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The Place to Eat (Edinburgh)

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3 Reviews

café/restaurant. John Lewis, Second Floor, St James Centre EDINBURGH Tel: 0131 556 9121

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    3 Reviews
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      28.09.2008 23:41

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      Amazingly pathetic service. The guy shouted from the other end of the restaurant that my food was coming. The paneer tikka was burnt. When the waiter asked me if the food was good, I made the worst possible face and said "Ok". In the end, they did not even bother to give me a receipt. When I called the manager, he said some great words, "Let me tell you where you were wrong", "Normally we keep the receipt. If the customer needs it, he should ask and then we will give", "You are being a difficult customer"I told him, no wonder your staff are like that. Hopeless. Dont bother going there. Indian Cavalry Club is far better and is just round the corner.

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      22.07.2001 18:47
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      I am going to tell you about my experience eating in an Indian restaurant called 'Omar Khayyam'. In my recent ops, I had mentioned that we went to visit Edinburgh. And stayed at Hilton Grosvenor which very near to the Haymarket Station. As the hotel is usually expensive for room service for food, we had decided to go to the restaurant to have our dinner. We saw this restaurant named ‘Omar Khayyam’, which is situated on the same road as Hilton. I can't remember the road name but I think it was Grosvenor Street. Anyway, we were all starving for a decent food. So we entered the restaurant. A warm welcome by the waiter. Made us wait in the waiting area whilst they set up the table. Please bear in mind that this restaurant is all smoking, which means no choice of non-smoking table. We weren't bothered as we were starving. The waiter came back to get us in 10 minutes and sat us near the door. Everything was very clean. Nice maharaja style chairs. The tables were set with more than 1 sort of cutlery. We ordered the food, started off with popaddums and drinks. The menu was pretty big. You could get nearly all sort of Indian food and all sorts of alcohol and soft drinks. So far so good. Then came to ordering the main course. This is where the catch is. As none of us has very big appetite, we decided to order a few main course dishes. But no, the waiter insisted that we have to order the x amount of main courses. What I mean to say is that if its five people and that include a kid, you still have to order 5 main courses. What a waste of money and food. We did order the food in the end. There was a wide choice of Indian food. And I must admit that every main course we ordered was so tasty. We just couldn't complain. When it came to paying our bill, it was a bit higher figure. But I suppose that depends on what you order. So if you folks ever g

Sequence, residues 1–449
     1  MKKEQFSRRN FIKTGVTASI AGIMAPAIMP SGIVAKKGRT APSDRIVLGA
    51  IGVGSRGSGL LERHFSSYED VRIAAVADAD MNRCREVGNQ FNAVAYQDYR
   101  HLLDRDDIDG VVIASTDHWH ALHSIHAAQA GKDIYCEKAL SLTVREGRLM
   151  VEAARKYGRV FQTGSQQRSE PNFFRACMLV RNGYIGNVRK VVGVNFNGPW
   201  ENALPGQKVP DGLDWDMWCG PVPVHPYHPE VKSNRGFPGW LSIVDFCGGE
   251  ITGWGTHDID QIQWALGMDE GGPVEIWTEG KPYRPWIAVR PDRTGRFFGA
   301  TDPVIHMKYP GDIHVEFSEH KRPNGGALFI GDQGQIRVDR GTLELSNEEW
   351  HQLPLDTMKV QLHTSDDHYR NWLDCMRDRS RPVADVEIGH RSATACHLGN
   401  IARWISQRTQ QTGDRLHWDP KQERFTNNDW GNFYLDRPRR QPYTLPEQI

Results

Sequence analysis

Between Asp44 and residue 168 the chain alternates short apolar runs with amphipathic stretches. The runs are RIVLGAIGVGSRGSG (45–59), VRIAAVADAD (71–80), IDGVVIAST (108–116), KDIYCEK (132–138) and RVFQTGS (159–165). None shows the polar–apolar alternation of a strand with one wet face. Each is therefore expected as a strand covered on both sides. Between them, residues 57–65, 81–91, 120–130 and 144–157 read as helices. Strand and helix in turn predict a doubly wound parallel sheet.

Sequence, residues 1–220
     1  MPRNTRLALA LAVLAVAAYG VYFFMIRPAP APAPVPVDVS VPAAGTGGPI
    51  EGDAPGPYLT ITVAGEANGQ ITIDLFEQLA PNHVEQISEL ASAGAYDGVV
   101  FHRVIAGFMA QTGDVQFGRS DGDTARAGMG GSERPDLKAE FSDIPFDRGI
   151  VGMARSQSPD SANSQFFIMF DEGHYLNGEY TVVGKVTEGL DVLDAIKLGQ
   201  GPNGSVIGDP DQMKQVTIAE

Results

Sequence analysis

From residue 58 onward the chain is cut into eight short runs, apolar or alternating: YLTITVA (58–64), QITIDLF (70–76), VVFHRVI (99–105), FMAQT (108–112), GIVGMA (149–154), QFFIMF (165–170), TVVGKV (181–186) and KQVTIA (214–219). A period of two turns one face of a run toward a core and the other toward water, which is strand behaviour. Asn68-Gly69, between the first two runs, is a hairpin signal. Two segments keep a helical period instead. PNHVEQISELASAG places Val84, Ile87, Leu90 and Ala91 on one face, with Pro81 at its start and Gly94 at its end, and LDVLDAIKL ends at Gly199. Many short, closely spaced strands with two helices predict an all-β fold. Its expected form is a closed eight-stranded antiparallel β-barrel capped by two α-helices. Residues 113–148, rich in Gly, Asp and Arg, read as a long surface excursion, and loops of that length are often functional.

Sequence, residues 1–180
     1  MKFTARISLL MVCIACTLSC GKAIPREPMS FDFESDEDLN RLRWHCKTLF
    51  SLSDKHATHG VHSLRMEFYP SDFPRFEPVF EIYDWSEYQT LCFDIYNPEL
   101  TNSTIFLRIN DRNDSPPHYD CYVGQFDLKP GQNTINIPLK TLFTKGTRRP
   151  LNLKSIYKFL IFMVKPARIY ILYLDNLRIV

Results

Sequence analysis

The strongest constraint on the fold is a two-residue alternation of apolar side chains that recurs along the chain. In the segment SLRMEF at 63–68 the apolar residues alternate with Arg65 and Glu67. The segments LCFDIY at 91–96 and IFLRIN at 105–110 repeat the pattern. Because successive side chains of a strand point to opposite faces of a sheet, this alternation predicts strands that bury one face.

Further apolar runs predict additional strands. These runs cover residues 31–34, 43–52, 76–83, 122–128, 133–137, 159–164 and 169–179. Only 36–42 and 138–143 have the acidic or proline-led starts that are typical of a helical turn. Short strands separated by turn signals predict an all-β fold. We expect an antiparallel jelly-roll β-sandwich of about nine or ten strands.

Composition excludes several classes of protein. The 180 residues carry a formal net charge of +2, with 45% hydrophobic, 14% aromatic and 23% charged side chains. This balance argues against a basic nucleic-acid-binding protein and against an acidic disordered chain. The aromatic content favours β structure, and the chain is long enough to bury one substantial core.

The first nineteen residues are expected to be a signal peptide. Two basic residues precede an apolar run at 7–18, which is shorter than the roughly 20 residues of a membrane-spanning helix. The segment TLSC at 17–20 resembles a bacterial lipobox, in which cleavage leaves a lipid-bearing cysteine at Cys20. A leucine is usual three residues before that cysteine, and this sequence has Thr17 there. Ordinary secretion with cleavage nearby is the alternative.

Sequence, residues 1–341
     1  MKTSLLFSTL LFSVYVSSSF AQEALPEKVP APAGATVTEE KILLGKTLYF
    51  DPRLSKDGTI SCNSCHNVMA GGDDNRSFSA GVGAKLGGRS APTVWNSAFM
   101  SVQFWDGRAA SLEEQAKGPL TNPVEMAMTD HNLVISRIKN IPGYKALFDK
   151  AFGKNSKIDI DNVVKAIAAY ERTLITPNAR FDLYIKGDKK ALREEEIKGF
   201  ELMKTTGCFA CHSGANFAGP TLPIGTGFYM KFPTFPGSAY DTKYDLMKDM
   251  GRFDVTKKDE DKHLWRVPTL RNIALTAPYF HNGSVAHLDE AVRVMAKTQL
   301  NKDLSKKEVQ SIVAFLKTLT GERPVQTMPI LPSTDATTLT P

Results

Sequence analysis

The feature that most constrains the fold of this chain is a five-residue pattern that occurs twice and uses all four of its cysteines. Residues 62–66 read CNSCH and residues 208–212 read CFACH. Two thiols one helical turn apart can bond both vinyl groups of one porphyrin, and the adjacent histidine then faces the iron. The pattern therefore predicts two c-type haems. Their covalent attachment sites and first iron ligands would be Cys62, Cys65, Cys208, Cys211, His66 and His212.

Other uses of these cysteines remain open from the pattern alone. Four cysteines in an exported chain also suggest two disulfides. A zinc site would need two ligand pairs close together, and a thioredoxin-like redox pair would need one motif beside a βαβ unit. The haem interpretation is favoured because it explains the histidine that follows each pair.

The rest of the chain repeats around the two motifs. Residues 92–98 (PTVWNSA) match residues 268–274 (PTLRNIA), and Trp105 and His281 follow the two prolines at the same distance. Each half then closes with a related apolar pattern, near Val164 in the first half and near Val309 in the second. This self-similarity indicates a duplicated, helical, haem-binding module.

o there to eat, please be aware of this catch. I just thought I would let you know.

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        13.05.2001 07:10